Every six minute service to resume on Blue Line and Expo Line across peak hours

Good news for Blue Line and Expo Line riders: Metro announced today that it will run train service every six minutes across the morning and afternoon peak hours on weekdays. 

The Expo Line has been running every six minute trains during the peak of the peak hours and every eight minutes during the remainder of the rush hour. The change, to take effect Monday, Nov. 4, is intended to help reduce some over-crowding Metro has experienced. All trains will be three-car trains. Additionally, Metro will also extend rush hour service beyond 7 p.m. in response to increased ridership growth during the early evening period.

When the Blue Line resumes full service between downtown Los Angeles and downtown Long Beach, all trains will also run every six minutes from end-to-end on the line beginning Monday, Nov. 4. This will result in 10 percent more seated capacity on the Blue Line. In the past, service between Willow Station and downtown Long Beach has been less frequent than the rest of the line. 

Because the new plan on the Blue Line requires extra rail cars, Metro is committing to running three-car trains on 75 percent of peak hour Blue Line trains. 

Quick background: over the summer Metro announced it would run service every eight minutes on the Blue Line and Expo Line during peak hours instead of every six minutes to help keep trains on time and service consistent. With the Blue Line’s northern half closed for the New Blue Improvements Project, that wasn’t an issue on the Blue Line. But Expo Line riders complained about overcrowding. Metro responded by adding some trains during the peak of the peak and is now returning to the former peak hour schedule.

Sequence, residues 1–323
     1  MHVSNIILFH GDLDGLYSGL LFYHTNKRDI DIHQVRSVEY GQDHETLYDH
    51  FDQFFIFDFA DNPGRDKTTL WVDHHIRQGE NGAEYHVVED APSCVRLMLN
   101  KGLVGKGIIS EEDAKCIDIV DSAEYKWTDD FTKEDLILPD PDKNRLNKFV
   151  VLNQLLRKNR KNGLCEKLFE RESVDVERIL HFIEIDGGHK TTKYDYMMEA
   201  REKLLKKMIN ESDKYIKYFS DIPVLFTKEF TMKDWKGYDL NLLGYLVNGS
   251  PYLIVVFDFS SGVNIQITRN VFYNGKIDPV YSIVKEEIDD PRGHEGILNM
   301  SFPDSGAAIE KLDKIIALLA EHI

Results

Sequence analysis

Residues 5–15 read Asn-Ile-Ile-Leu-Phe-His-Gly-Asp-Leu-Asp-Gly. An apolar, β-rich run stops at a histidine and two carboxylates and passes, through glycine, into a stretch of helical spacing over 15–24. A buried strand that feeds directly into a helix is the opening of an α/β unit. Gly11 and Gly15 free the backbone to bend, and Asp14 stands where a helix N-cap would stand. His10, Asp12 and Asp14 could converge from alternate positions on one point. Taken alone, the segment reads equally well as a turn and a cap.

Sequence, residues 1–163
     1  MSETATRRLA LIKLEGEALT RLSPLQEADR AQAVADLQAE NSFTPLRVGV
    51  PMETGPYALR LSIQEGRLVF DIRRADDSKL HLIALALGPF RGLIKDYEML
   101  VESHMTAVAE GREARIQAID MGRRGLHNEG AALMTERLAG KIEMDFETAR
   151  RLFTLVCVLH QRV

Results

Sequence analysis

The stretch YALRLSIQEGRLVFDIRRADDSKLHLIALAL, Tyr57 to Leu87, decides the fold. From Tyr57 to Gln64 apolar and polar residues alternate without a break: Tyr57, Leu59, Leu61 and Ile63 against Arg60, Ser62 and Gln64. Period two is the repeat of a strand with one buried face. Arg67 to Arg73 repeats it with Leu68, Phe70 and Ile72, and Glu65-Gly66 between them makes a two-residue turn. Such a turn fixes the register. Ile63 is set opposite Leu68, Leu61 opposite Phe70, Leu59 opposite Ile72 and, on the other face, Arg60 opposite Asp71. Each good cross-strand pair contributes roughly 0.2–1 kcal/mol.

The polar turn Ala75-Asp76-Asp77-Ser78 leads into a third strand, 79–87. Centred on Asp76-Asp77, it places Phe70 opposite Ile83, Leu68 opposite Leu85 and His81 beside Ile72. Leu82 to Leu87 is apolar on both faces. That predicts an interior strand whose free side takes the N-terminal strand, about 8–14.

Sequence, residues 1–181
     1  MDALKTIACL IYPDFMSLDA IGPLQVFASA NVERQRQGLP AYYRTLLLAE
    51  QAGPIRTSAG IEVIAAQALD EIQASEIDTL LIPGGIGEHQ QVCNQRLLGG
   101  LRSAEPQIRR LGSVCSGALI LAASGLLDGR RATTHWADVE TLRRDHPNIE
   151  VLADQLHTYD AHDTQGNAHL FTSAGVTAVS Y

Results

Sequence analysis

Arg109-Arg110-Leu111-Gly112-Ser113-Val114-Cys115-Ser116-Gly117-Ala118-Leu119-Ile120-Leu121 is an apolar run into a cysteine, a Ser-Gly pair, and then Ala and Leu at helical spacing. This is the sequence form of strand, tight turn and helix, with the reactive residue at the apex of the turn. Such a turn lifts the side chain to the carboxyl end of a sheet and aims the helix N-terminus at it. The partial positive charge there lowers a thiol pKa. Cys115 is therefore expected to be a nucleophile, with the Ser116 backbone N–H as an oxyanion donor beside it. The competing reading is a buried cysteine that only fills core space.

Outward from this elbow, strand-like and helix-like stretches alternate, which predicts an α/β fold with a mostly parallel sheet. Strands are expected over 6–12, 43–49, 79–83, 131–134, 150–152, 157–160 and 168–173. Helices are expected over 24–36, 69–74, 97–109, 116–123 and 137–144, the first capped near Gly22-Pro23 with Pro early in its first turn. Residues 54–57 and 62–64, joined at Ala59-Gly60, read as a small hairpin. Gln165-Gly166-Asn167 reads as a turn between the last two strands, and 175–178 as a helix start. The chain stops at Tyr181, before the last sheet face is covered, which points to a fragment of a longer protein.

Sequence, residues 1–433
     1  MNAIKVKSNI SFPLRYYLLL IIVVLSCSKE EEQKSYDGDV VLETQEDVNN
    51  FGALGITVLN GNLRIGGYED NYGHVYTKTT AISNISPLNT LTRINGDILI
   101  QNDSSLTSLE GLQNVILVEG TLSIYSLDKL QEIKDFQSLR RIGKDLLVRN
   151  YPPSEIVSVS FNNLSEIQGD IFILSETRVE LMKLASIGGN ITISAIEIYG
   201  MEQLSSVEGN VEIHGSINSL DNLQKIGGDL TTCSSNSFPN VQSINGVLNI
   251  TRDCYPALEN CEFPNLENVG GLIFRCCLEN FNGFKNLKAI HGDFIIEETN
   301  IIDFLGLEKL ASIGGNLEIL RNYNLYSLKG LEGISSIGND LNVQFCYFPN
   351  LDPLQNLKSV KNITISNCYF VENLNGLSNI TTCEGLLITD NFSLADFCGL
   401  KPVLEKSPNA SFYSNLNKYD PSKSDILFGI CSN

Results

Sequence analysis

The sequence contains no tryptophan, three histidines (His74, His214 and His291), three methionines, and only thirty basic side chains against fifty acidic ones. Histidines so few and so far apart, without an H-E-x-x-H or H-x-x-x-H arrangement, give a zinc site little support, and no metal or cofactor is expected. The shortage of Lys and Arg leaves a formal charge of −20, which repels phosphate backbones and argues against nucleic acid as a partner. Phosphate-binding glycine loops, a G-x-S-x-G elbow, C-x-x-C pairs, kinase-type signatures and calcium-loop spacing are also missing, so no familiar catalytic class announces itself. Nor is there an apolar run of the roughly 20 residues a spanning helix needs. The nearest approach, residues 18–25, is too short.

Related: full A Line (Blue Line) service to resume Nov. 2 with three days of free rides on A Line

7 replies

  1. What’s the rationale for having every single A Line train go through Downtown Long Beach? There were never capacity concerns south of Willow when half of the trains went that far south. It would seem more important to have 100% of A Line trains be 3 cars to avoid capacity issues during peak hours.

    • Hi Bob;

      I think the main issues are consistency — every train going to the same place. As for capacity, I think you still have more train cars going south if running every six minutes with 3/4 of those trains three car and the remainder two car. I am confident we’ll be getting plenty of feedback, though.

      Steve Hymon
      Editor, The Source

  2. It’s good that riders stood up to protect their service and won. If only there would be enough bus riders who would do the same and get Metro to restore cut service.

  3. Hey Steve, is this still a service cut compared to earlier this year? While peak service has been restored, can you confirm that off-peak is still short of where it was earlier this year? Thanks.

    • Hi Andrew;

      The changes we put in place for the weekend schedules do remain in effect so fewer overall trains than prior to this summer. The vast majority of complaints we received on the blog and social media involved the peak hour service, FWIW.

      Steve Hymon
      Editor, The Source